Sazigyo are woven bands for binding palm-leaf manuscripts used in Burma (Myanmar). Sazigyo are commissioned in order to gain merit as the manuscript, with its band, are donated to a Buddhist monastery. They are tablet-woven in silk or cotton thread and can be up to six metres long.
In August 2014 Brighton Museum & Art Gallery welcomed two visitors to view its collection of sazigyo: Ralph Isaacs and Linda Hendrickson. Isaacs worked for the British Council in Burma from 1989 to 1994. He became fascinated by sazigyo while he was living in Burma and made a collection of more than fifty bands, which he later donated to Brighton Museum. Isaacs has also written a book about them, Sazigyo: Woven Miniatures of Buddhist Art (Chiang Mai: Silkworm Books, 2014). Hendrickson is a professional tablet-weaver based in the United States. Her work can be seen on her website. Hendrickson is also interested in sazigyo and keen to promote and preserve this unique technique and its vulnerable objects.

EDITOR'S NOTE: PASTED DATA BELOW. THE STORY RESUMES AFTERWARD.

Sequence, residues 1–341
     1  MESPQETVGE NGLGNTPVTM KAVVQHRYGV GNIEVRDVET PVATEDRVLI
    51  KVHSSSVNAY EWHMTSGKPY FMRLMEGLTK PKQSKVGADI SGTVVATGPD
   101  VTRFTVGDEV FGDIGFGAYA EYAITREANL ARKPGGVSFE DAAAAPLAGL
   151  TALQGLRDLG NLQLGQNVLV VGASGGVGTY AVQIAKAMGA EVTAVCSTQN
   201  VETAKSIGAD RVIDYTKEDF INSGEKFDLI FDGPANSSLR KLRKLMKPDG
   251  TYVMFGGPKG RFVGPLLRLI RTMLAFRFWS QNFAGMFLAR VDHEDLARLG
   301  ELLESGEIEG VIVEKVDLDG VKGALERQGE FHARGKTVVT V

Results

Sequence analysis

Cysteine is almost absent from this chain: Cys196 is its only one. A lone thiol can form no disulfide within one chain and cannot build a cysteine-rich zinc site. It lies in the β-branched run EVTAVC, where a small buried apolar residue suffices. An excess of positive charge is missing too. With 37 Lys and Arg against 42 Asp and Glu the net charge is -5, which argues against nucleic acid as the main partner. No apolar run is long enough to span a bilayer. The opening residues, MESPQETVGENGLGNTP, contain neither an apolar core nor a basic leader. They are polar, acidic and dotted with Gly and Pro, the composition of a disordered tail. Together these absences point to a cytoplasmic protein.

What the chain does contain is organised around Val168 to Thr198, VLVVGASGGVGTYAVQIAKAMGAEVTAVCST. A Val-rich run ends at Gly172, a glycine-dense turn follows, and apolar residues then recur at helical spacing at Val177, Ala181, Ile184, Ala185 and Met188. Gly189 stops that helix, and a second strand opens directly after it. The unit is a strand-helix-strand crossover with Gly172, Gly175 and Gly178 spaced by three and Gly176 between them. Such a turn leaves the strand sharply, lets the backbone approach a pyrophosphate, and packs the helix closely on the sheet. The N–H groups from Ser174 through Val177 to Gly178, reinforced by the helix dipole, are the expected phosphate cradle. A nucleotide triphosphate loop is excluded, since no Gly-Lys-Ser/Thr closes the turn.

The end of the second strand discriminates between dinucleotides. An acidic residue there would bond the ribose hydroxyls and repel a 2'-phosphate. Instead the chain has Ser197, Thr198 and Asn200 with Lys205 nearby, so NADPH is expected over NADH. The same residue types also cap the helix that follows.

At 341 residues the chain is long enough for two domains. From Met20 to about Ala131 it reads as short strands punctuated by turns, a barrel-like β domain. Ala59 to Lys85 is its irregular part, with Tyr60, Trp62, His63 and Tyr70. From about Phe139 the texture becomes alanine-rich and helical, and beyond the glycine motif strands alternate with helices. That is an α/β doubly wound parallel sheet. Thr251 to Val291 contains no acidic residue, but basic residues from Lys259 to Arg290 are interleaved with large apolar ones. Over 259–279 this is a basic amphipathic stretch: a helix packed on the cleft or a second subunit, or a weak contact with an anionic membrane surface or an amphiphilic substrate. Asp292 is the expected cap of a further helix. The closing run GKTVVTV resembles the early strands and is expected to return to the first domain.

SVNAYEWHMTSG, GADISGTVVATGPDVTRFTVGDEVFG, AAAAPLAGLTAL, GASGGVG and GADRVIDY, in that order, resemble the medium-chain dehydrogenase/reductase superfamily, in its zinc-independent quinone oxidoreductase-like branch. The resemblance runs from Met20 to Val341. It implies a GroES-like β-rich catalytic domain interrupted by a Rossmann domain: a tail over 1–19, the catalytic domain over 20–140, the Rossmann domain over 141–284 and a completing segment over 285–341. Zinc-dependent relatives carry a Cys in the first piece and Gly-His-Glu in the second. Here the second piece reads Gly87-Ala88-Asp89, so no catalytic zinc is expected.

For me as a curator with the Museum’s World Art collection, it was a great opportunity to meet with Isaacs and Hendrickson. Although I grew up in Burma I have never seen sazigyos perhaps because I am not Buddhist and am not from central, lowland Burma, or perhaps because social and political events in the country have impacted upon the availability of sazigyo. One thing is for certain: for the younger generation in Burma, sazigyo will be a rare object which few will have seen.
Looking at the bands in the Museum’s collection with Isaacs and Hendrickson, I was amazed by the skills involved in making a sazigyo. Isaacs says of sazigyo that ‘the craft of weaving lettered bands flourished in Burma for a couple of centuries but never recovered from the impact of the printed book, and by the late 1970s sazigyo weaving had died out’. Hendrickson notes that sazigyo represent ‘a very beautiful example of historic tablet weaving’. I learnt that most sazigyo weavers are women and it can take several months to complete a sazigyo as women had to fit their craft work into their domestic duties. I also noticed by looking at the sazigyos, how much Burmese people are devoted to Buddha. Sazigyo remind me of two of Buddha’s teachings – ‘patience’ (sate-shay chin) and ‘tolerance’ (thee-khan chin). I think without these two qualities it would be extremely difficult to finish one sazigyo.
I hope that Burma is moving towards a better society where ‘patience’ and ‘tolerance’ are core values.
Gumring Hkangda, Curator, World Art